KALO HCC

KALO HCC

KALO HCC is the right community to do this work because community and aloha is our foundation. Hawaiians, and all Pacific Islanders, understood the concept of community. Our people were voyagers and spent months at sea with no navigation tools but the stars. We are believers that nature is the

KALO HCC

KALO HCC is the right community to do this work because community and aloha is our foundation. Hawaiians, and all Pacific Islanders, understood the concept of community. Our people were voyagers and spent months at sea with no navigation tools but the stars. We are believers that nature is the true guide and when we listen the earth provides. We are the right people because who better to uplift and support the Pacific Islanders. Our impact can be measured by the relationships and collaborations we have built over the short three years we have been in existence. Although our mother organization, the Association of Hawaiian Civic Club, was founded over 100 years ago by Prince Jonah Kuhio Kalaniʻanaʻole, we are still young and have so much to learn. Many may wonder if we are able to make the impact that is needed and we can say we already have. Our organization is solely funding by donations, sponsorships, and grants. We have built relationships with the Oregon Department of Education, Oregon Health Authority, Department of Human Services and Child Welfare, Oregon Food Bank, Project Access NOW, Kaiser, Oregon Health and Science University, Trillium Health Plan, Willamette Family Health, Papa Ola Lokahi, Bishop Estate Foundation, Council for Native Hawaiian Advancement, and the list goes on. These relationships come from the very teachings of our kupuna - ancestors. We believed in the Ahupuaʻa system and truly understood what it meant when they say it take a village to raise a child. Imagine raising a whole generation - we need a community. Our impact continues to come through our relationship and sharing the aloha spirit. Aloha is the true healer.

About the Organization:

KALO HCC is the right community to do this work because community and aloha is our foundation. Hawaiians, and all Pacific Islanders, understood the concept of community. Our people were voyagers and spent months at sea with no navigation tools but the stars. We are believers that nature is the true guide and when we listen the earth provides. We are the right people because who better to uplift and support the Pacific Islanders. Our impact can be measured by the relationships and collaborations we have built over the short three years we have been in existence. Although our mother organization, the Association of Hawaiian Civic Club, was founded over 100 years ago by Prince Jonah Kuhio Kalaniʻanaʻole, we are still young and have so much to learn. Many may wonder if we are able to make the impact that is needed and we can say we already have. Our organization is solely funding by donations, sponsorships, and grants. We have built relationships with the Oregon Department of Education, Oregon Health Authority, Department of Human Services and Child Welfare, Oregon Food Bank, Project Access NOW, Kaiser, Oregon Health and Science University, Trillium Health Plan, Willamette Family Health, Papa Ola Lokahi, Bishop Estate Foundation, Council for Native Hawaiian Advancement, and the list goes on. These relationships come from the very teachings of our kupuna - ancestors. We believed in the Ahupuaʻa system and truly understood what it meant when they say it take a village to raise a child. Imagine raising a whole generation - we need a community. Our impact continues to come through our relationship and sharing the aloha spirit. Aloha is the true healer.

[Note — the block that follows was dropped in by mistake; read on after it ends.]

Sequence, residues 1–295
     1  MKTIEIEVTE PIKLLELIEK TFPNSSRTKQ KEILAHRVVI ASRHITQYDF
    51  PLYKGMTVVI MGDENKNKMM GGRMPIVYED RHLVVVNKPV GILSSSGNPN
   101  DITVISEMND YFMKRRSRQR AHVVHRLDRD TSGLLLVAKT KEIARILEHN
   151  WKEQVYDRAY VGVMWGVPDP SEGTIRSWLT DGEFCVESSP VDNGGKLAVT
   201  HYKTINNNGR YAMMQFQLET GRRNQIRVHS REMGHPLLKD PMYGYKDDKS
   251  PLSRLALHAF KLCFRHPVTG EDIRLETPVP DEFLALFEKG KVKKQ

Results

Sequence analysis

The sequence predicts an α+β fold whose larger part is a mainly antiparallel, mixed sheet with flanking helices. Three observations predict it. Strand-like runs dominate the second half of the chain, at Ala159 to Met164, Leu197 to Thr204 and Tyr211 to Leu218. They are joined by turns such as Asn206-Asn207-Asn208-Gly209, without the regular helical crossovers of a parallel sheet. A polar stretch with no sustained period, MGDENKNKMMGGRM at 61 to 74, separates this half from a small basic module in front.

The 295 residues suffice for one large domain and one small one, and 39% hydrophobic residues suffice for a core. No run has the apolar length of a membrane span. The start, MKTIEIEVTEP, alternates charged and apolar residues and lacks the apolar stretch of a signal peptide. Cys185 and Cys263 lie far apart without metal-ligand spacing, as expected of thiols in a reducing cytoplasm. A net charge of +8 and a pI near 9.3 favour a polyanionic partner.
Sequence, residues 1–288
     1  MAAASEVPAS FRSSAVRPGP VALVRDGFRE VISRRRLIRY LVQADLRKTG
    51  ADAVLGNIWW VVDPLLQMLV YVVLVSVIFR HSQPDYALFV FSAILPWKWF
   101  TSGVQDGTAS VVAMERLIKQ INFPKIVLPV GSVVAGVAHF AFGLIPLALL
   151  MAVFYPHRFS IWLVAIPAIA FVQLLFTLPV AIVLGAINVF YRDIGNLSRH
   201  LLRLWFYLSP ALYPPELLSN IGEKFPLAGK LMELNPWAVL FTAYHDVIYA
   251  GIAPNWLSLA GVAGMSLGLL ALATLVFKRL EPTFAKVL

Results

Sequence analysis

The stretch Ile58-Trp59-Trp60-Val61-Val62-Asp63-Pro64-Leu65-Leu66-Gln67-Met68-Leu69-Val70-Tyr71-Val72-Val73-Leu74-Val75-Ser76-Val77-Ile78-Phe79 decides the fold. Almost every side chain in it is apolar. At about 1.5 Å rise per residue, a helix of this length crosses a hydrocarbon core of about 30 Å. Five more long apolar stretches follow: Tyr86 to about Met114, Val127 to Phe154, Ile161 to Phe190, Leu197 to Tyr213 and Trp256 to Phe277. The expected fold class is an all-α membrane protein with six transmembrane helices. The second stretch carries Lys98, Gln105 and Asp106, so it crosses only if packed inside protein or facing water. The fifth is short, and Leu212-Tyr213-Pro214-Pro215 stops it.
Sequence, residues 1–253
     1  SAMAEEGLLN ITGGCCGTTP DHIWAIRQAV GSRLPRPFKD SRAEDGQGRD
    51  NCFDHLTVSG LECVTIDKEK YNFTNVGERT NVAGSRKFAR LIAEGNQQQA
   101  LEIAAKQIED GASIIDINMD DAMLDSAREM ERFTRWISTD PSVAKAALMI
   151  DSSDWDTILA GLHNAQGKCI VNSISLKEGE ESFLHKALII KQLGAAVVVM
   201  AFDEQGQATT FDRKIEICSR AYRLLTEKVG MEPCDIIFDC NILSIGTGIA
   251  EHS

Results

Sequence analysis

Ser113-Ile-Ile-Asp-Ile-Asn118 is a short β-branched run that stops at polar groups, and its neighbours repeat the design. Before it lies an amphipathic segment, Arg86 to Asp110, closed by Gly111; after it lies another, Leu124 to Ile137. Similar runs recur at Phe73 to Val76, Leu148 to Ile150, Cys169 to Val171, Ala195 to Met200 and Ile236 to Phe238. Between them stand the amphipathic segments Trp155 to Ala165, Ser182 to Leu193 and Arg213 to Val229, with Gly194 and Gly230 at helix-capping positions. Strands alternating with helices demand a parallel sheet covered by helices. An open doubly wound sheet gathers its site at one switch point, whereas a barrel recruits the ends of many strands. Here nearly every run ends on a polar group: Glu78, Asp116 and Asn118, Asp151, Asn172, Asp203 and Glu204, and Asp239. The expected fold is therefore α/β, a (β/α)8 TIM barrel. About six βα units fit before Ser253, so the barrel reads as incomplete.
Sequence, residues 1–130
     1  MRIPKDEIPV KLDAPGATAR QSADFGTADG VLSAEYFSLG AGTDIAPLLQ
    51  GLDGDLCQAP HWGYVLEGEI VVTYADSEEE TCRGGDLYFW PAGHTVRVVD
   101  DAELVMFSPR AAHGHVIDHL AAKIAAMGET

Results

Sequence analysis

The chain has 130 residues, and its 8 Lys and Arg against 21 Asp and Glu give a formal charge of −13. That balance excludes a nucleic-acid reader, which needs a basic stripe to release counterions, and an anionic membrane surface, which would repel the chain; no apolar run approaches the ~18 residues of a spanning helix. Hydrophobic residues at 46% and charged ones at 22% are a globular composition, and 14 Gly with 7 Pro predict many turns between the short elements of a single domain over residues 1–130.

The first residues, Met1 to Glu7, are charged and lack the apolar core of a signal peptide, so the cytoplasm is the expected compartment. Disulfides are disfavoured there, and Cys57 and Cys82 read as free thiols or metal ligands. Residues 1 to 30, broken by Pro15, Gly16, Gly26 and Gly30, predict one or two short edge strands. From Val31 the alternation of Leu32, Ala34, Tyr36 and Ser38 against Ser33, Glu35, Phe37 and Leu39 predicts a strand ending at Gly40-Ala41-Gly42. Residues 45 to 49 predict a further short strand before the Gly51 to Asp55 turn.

organizational budget

$100,000 - $500,000